(Sources: UNHCR, EU-UN.Europa, Sudan Tribune)

Sri Lankan Ministry of Defense to Human Rights Defenders: stop breathing…

July 8, 2014

A National Secretariat functioning under Sri Lanka’s Ministry of Defence and Urban Development has issued a curious letter on 1 July 2014. The following is the letter in full:

“MINISTRY OF DEFENCE AND URBAN DEVELOPMENT National Secretariat for Non Governmental Organizations

To All Non Governmental Organizations

Non Governmental Organizations acting beyond their mandate

It has been revealed that certain Non Governmental Organizations conduct press conferences, workshops, training for journalists, and dissemination of press releases which is beyond their mandate.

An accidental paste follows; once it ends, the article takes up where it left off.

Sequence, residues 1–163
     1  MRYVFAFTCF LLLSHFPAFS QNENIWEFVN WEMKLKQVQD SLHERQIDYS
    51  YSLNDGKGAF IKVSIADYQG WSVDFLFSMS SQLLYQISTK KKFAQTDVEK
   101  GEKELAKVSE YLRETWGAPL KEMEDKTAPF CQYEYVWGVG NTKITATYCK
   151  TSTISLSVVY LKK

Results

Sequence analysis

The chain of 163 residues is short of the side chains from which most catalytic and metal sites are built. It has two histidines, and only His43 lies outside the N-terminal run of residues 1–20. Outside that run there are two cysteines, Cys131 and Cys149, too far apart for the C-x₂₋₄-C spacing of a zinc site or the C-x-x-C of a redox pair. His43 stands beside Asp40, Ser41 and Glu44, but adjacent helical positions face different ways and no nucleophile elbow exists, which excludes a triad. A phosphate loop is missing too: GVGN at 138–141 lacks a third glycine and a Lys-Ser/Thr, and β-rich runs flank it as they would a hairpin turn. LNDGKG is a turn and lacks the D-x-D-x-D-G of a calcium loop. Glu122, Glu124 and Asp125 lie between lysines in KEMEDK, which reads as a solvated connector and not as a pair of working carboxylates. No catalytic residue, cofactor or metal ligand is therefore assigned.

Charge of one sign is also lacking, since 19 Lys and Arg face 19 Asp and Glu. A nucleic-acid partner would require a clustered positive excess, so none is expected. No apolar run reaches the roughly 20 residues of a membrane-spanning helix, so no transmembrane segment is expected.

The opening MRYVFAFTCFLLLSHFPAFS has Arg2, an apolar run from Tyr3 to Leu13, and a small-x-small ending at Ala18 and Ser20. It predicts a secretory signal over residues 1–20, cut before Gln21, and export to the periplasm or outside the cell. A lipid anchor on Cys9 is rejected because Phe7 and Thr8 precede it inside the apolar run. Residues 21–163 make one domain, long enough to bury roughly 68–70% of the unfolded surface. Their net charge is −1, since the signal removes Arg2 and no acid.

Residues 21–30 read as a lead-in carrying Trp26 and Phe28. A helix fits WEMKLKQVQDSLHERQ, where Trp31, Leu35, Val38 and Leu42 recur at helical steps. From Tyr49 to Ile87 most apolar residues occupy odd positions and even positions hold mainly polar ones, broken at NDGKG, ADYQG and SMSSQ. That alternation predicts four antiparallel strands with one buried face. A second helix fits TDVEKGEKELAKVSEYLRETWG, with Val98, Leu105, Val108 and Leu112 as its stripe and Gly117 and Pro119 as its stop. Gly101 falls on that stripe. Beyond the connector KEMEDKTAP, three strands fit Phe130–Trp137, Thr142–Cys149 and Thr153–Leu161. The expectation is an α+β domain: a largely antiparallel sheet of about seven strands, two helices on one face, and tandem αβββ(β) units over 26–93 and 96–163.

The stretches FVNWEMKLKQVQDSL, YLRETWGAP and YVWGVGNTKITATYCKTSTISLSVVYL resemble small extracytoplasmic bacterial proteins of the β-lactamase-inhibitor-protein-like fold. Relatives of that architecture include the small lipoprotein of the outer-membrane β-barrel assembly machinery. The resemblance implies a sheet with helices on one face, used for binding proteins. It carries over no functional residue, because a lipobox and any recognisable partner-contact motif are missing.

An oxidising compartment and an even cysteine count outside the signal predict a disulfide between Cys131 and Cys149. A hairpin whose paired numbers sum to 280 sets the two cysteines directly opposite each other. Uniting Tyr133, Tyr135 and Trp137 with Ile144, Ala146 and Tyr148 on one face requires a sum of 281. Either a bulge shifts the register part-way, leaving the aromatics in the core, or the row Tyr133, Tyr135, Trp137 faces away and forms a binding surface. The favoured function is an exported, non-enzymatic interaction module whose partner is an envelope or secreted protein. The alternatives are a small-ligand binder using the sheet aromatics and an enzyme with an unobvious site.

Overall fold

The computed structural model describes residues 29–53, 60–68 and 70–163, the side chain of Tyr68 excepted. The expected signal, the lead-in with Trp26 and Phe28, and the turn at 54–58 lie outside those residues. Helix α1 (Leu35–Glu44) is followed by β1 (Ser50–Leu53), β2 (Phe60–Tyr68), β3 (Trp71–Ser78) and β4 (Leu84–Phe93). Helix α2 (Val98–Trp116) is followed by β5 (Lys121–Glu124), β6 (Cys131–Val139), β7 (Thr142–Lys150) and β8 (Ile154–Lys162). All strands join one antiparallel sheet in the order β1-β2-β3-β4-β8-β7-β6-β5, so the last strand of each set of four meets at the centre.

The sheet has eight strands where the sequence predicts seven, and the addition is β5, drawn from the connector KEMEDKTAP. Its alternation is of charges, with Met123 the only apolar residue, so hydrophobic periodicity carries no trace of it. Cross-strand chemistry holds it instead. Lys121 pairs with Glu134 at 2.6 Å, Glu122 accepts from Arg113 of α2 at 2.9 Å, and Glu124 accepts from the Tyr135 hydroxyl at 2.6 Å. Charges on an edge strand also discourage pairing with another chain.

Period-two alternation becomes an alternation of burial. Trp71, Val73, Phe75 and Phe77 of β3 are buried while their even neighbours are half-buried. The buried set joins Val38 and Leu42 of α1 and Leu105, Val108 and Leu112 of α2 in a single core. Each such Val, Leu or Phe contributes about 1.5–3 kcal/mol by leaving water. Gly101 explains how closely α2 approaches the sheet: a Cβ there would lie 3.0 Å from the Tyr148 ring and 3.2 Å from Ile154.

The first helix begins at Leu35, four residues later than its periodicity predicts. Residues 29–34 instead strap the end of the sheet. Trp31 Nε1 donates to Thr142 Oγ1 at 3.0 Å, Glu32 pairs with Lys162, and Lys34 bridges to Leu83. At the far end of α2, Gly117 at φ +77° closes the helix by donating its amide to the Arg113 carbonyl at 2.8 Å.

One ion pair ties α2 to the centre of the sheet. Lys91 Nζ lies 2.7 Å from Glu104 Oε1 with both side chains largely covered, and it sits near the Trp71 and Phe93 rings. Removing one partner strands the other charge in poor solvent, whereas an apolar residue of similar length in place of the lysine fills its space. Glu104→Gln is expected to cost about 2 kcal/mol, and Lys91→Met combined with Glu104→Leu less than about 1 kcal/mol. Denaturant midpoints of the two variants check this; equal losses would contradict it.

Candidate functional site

We reiterate that all Non Governmental Organizations should prevent from such unauthorized activities with immediate effect.

D.M.S. Dissanayake
Director/Registrar”

The Asian Human Rights Commission (AHRC), which made the letter public, adds the understandably sarcastic comment that the next letter may well read:  “It has been revealed that certain Non-Governmental Organisations have members who are breathing and still moving. We hereby call upon all of them to cease from such unauthorized activities with immediate effect.”

For the full context see this Statement online on AHRC’s revamped website: www.humanrights.asia.

 

Cartooning for Peace award in Euronews video clip

May 23, 2014

This clip was produced by True Heroes Films (THF) for Euronews which covered the event of the 2nd international Cartooning for Peace award. [for more on the award see http://www.trueheroesfilms.org/thedigest/award/cartooning-peace-press-award].